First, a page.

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Astro

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Re: States ending AA
« Reply #40 on: March 20, 2008, 04:41:48 PM »

(Most) people from my generation (currently younger than 25) see AA as a continuation of racial highlighting. 



This is just patently false.  Speak for yourself, asshat.
J, if you didn't bring enough penis for everyone, you shouldn't have brought any penis at all. 

eastend

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Re: States ending AA
« Reply #41 on: March 20, 2008, 05:11:53 PM »

(Most) people from my generation (currently younger than 25) see AA as a continuation of racial highlighting. 



This is just patently false.  Speak for yourself, asshat.


Speak for yourself, sweetheart. 

Astro

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Re: States ending AA
« Reply #42 on: March 20, 2008, 05:16:50 PM »

(Most) people from my generation (currently younger than 25) see AA as a continuation of racial highlighting. 



This is just patently false.  Speak for yourself, asshat.


Speak for yourself, sweetheart. 

Wow.  That was clever.
J, if you didn't bring enough penis for everyone, you shouldn't have brought any penis at all. 

eastend

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Re: States ending AA
« Reply #43 on: March 20, 2008, 05:18:05 PM »

(Most) people from my generation (currently younger than 25) see AA as a continuation of racial highlighting. 



This is just patently false.  Speak for yourself, asshat.


Speak for yourself, sweetheart. 

Wow.  That was clever.



Thank you.

yoyodawg

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Re: States ending AA
« Reply #44 on: March 21, 2008, 10:45:52 AM »

(Most) people from my generation (currently younger than 25) see AA as a continuation of racial highlighting. 



This is just patently false.  Speak for yourself, asshat.


Speak for yourself, sweetheart. 

Wow.  That was clever.


What's more clever? The "asshat" remark or the "sweetheart" remark?

Nemorino

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Re: States ending AA
« Reply #45 on: March 21, 2008, 04:14:29 PM »
If I may throw in my two cents...

I moved to the United States when I was 17, and I was certainly not ready for the chaotic world of competitive high school juniors filled with tests, AP classes, college visits and applications. Despite the language barrier (and my general naivete), I was able to do pretty well. My guide and best friend throughout the ordeal was a black student who is one of the most intelligent people I know (he got his undergraduate degree from MIT and is currently at HBS, but the degrees alone can't explain his wit and intelligence). My own ideas about AA were formed in part through the various discussions I had with him, who was adamantly against it.

My friend refused to reveal his race on his college applications. His relatives would jokingly say "you are a [black man] who thinks he's too good for other [black people]," except they were using the n-word, in my presence! (I couldn't hold it against them because according to one of his uncles, not using "polite talk" in my presence was a demonstration of closeness and acceptance) This kind of attitude, my friend argued, was the root of all AA-related problems. He has said on more than one occasion, "I'm not too good for my own kind, but I am DEFINITELY too good for this racist system that tells black, Hispanic and native American children everywhere, 'we've lowered the standards for you because we don't expect any better from you.'"

My position on this issue has changed significantly since then. There is no question that the intended beneficiaries of AA are still systematically disadvantaged. I am not arguing that these disadvantages are born of some evil, racist policies. It's just statistics. A black or Hispanic child, statistically speaking, is less likely to have access to the kind of education, peer interaction and family upbringing which set people up for the best jobs, government positions, academic posts, etc. Can we trace this phenomenon back to slavery? Racism of the past? Maybe. I don't know and I DON'T CARE where the blame lies. We can justify the need for bridging the socio-economic gap without citing historical or moral responsibility. Such gaps (which can easily be construed as having racial implications) have caused so much tension, hate and needless restriction on our ability to exchange ideas freely. Real incidents of racism are often ignored. Innocuous mistakes or the results of free market competition are blamed on racism. Scholars are NOT free to explore the unpopular edges of the race (and gender) question. Some people try to use the current state of chaos to their advantage, and to the detriment of our societal well-being. Surely we can benefit greatly from rooting out the underlying cause of all this.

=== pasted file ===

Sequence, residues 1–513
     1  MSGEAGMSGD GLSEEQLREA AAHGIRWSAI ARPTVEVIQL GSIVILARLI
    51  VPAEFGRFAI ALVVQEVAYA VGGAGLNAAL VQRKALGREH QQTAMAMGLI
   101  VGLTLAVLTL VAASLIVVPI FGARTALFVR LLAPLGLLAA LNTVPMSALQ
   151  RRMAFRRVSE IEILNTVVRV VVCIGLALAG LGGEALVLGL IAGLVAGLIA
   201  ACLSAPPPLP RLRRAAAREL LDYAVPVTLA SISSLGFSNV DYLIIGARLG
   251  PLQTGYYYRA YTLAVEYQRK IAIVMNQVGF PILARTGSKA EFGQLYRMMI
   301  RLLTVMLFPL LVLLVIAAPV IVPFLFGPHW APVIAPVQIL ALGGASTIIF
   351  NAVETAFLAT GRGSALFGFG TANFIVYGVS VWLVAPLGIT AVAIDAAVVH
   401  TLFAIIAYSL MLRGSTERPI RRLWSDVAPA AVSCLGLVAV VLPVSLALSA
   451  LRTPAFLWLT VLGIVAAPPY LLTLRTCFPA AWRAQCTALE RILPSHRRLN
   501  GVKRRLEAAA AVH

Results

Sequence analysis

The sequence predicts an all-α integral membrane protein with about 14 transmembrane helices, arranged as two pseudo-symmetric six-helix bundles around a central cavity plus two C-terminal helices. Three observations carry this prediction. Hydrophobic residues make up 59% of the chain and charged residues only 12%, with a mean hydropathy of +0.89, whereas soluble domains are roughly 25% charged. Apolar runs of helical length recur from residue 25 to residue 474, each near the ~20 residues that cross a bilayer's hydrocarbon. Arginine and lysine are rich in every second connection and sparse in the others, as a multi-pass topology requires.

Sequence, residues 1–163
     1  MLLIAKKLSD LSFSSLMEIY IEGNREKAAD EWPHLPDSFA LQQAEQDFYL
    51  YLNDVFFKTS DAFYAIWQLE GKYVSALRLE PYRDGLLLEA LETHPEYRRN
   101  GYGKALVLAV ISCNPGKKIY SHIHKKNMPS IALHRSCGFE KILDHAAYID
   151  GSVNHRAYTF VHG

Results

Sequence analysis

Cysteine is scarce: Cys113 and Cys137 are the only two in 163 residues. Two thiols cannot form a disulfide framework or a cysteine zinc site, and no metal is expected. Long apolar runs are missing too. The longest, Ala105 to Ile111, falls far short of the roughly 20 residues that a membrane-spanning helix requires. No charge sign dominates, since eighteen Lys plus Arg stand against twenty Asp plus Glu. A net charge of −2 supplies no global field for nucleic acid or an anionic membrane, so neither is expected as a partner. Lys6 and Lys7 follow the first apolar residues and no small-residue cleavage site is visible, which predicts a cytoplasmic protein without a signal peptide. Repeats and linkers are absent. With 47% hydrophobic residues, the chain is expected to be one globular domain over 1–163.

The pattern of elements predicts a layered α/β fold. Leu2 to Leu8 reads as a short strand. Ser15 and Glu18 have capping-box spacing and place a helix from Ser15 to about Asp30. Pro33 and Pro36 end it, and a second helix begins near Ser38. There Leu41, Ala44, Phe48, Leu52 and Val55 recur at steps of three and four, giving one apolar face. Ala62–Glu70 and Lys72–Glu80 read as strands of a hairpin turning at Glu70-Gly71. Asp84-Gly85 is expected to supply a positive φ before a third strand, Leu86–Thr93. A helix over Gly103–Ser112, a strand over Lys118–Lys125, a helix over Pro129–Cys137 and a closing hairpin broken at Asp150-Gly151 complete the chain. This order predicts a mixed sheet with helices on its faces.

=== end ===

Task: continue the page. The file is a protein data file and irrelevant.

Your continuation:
And I happen to believe that AA is not the right way to do this. Instead of attacking the root of the problem, AA encourages our educational institutions to pass off that responsibility to someone else. BigLaw is a great example of this. Instead of trying to narrow the 200 point gap in SAT scores between whites/Asians and blacks/Hispanics, high schools try their best to send off as many kids to college, whether they are ready or not. They say, "surely, these underachieving students' study habits, writing skills and test-taking know-how will improve once we send them off to good colleges!" In turn, colleges - which so eagerly accepts under-qualified members of URM - fail to provide enough support and encouragement. Even those minority students who are truly qualified (such as my friend) sometimes fall into the trap of underachievement. An intelligent black student, who could have gotten 170+/3.8 with adequate guidance and an appropriate amount of societal pressure and expectation, ends up with a 3.5 and a 165 because everyone tells him that he will have a good shot at the nation's top law schools if he gets over 3.5 and 165. I am not suggesting that the number difference makes him any less intelligent than he is. He is, however, systematically shielded from "peer competition" which is a crucial part of the legal education. This intelligent student goes off to a top law school where a similar tragedy unfolds. He gets hired by a diversity-starved top firm where, all of the sudden, the playing field is even - or worse yet, hostile to him. Not only is the "shield" gone, many people, as a result of the widespread usage of AA, have negative preconceived notions about his general qualifications. This is entirely unfair to people like my friend whose unbridled success is attributable only to his talent, work ethic and refusal to give into AA's not-so-subtle message.